The second day of the Japanese Film Festival offered two different films that balanced each other out. That there was a thematic balance of drama and comedy does not mean that both of the films were equal, by any measure: the night’s drama was underdeveloped but the comedy can only be described as a tour de fun.
The Samurai I Loved
Where two people meeting in childhood equates to a lifelong love
In this traditional “failed romance” samurai movie, there are a few surprises. It’s the first samurai movie I’ve seen where the samurai are afraid of killing each other, for instance. The final confrontation with the target of the hero’s vengeance is also resolved unexpectedly and, it must be said, bizarrely.
That does not make The Samurai I Loved a great movie. It details the life of Bunshiro Maki, whose father is executed for “treason” (that is, being on the losing faction in a clan struggle). Allegedly when he was young, a romance blossomed between himself and the neighbours’ servant girl, Fuku. Circumstances mean that they can never be together, but many years pass and Bunshiro must himself commit “treason” in the eyes of his commander in order to preserve Fuku’s life.
Told with a difficult to grasp passage of time and severely underdeveloped relationships, The Samurai I Loved never quite goes anywhere. It exists in the uniquely paceless world of samurai epics: long, overdrawn, and underwrought. There are some genuine comedy scenes, but more disturbing are the scenes that appeared unintentional in their humour.
The battle with disappointment is won simply because Bunshiro is told to “see with the eyes in your heart” by his instructor, who performs an elaborate Noh dance to illustrate his point. This sort of laughable but winning formula is compounded by the fact that after one battle with more than 24 people, the previously barely adequate swordsman of Bunshiro has become the master of seeing with his heart.
Unfortunately, the tragedy of the romance that was never to be does not really materialise because this is another of those movies where love exists for no reason at all. Fuku and Bunshiro had barely any time together on screen, and when Bunshiro sees her for the last time in countless years she looks barely older than 12. When Fuku re-emerged as a fully grown woman, I’ll admit that I was relieved – but certainly no tears were jerked from me this time.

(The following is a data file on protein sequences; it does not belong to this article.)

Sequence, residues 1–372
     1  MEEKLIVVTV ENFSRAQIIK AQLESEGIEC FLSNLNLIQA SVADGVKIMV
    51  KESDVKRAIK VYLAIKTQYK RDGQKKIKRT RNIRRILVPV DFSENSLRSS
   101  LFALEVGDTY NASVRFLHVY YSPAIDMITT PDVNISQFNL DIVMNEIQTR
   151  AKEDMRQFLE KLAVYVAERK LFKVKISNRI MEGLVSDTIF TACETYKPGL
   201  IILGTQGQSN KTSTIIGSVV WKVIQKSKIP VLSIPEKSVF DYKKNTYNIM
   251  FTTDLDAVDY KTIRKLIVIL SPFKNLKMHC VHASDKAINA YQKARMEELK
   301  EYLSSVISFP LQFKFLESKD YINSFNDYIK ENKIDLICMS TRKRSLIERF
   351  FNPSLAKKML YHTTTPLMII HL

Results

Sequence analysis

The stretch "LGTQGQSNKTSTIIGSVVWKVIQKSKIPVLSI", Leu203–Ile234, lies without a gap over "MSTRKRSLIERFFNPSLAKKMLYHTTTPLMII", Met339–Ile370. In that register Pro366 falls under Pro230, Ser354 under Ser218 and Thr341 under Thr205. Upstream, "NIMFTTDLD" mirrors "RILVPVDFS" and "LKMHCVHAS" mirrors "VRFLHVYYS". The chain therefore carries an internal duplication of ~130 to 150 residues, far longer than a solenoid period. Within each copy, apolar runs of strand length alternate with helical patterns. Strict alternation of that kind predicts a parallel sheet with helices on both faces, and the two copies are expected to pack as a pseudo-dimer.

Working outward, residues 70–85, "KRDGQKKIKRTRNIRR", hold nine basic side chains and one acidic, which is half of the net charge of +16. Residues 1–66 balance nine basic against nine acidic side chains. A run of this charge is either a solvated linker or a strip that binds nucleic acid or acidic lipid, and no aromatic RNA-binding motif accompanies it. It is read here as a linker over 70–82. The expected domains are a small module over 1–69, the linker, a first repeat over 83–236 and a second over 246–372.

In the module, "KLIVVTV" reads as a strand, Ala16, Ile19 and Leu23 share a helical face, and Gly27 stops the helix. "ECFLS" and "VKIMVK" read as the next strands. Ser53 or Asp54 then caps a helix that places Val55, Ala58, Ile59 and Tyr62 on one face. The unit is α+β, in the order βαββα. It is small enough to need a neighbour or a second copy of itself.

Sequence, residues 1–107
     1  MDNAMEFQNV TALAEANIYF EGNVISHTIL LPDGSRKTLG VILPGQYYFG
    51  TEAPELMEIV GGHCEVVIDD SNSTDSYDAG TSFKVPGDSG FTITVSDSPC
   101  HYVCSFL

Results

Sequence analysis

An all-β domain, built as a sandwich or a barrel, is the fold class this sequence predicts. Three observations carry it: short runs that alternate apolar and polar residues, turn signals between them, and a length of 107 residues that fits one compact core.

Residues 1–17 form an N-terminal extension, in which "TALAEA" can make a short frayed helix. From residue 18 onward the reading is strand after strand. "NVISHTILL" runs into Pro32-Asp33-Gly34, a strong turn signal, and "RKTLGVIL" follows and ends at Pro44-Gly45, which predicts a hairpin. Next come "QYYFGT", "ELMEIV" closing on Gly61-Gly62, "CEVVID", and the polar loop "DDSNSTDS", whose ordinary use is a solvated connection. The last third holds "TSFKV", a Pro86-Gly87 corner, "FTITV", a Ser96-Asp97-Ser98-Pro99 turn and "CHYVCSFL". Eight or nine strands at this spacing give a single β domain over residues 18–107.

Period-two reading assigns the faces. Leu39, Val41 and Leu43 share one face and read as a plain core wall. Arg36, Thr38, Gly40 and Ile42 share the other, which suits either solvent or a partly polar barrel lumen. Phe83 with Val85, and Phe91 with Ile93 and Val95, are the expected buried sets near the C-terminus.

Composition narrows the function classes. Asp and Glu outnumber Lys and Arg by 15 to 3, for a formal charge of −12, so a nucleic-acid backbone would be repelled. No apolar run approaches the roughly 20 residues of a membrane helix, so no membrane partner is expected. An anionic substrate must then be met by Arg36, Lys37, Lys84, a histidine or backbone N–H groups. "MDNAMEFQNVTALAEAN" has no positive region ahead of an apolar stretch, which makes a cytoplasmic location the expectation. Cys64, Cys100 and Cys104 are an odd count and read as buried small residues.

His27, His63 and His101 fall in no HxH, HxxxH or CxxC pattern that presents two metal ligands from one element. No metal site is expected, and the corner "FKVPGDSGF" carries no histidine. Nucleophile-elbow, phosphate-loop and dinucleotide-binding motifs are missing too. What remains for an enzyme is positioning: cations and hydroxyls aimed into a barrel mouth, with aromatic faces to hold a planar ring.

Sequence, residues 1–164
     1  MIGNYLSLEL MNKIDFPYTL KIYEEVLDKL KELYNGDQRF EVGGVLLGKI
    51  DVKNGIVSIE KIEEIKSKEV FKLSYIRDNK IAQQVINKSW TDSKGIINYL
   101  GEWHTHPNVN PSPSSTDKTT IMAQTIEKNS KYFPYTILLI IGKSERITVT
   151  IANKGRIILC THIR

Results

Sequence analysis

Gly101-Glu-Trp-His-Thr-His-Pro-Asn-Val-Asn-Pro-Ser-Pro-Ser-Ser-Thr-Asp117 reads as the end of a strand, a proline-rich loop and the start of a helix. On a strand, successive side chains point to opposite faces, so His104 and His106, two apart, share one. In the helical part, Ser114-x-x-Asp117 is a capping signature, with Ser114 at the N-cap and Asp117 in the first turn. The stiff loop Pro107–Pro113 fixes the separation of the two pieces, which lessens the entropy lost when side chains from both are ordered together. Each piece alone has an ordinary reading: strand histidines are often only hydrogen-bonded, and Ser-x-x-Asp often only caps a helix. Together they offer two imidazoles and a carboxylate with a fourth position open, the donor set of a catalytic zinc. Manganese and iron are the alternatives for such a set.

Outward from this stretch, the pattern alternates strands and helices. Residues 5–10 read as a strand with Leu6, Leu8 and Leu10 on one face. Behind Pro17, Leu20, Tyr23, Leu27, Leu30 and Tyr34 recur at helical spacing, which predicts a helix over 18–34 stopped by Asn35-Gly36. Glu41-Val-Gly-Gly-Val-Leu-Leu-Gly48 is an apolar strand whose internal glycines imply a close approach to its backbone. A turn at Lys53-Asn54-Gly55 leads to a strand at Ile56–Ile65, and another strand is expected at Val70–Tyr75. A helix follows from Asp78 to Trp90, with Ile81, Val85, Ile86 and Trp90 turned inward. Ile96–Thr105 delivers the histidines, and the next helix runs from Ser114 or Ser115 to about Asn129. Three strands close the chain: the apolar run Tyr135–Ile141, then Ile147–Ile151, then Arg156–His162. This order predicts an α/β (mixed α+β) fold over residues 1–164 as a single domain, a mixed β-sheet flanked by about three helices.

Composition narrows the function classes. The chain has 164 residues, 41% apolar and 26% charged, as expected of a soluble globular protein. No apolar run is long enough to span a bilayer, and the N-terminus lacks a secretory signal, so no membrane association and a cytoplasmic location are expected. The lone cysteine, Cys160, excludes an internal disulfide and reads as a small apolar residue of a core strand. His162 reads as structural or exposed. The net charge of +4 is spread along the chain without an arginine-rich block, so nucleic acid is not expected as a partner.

The Samurai I Loved is ultimately a film that exists to set a scene and then proceeds to do absolutely nothing with the scene that has been set. It’s not a terrible film by any stretch, but it’s hardly the most worthwhile samurai film ever to have been engineered.
A Cheerful Gang Turns the Earth
Roman wa doko da?
This was more like it, for me at least: get a group of slightly abnormal characters together and make them rob banks to restore the romance of the profession. The abnormalities in question are: a tendency towards romantic oratory; an uncanny ability to pick pockets entirely undetected; inbuilt lie detection; and a perfect internal clock.
Two of these abilities don’t seem that abnormal. Therefore it falls to the human lie-detector (Naruse) and the clockwork woman (Yukiko) to form the romantic core of the film.
The film begins with the Cheerful Gang robbing a bank of 40 million yen, only to have it stolen upon their otherwise successful escape. It turns out that Yukiko was blackmailed into surrendering the money. Thereafter the Cheerful Gang vows to make everything right: bad guys behind bars and 200 million yen to split four ways!
A Cheerful Gang Turns the Earth is little more than around ninety minutes of fun, populated by endearing characters, occasionally stupid jokes and the Japanese William Le (for your reference: Esquelito of Nacho Libre serves as the Mexican William Le). Slickly produced with largely unannoying special effects that deal with explaining things from different time perspectives, this film does not have to do much to be a winner. It’s the sort of movie that you root for all of the characters and exist in the comfort zone of knowing that, even if they appear to be in danger, they definitely will survive.
Of course, like many comedies, it relies on the element of surprise, but more rewarding in this instance is the element of pleasing its audience by confirming their suspicions. One of the big twists is realised by the audience about a minute before its on screen realisation, and the slow motion sequence leading up to that twist filled the audience with a sense of mirth not frequently seen at the cinema … or at least at the sorts of movies that I go to.
My only problem with the film, (not withstanding the hilarious bank robbing English language tunes) was the car CG. I don’t know quite what’s wrong with Japan, but when their movies call on a car to be modelled in 3D they fall into the “Ini D” trap. The cars here aren’t as ugly as all that, but nothing can compare to legitimate stunt driving. With the stunts being performed here, I cannot blame them for being computer generated, but it’s a bugbear in an otherwise superfluous film.
A Cheerful Gang Turns the Earth is the definition of a feel good movie. If you don’t feel good at its conclusion, you clearly have no soul.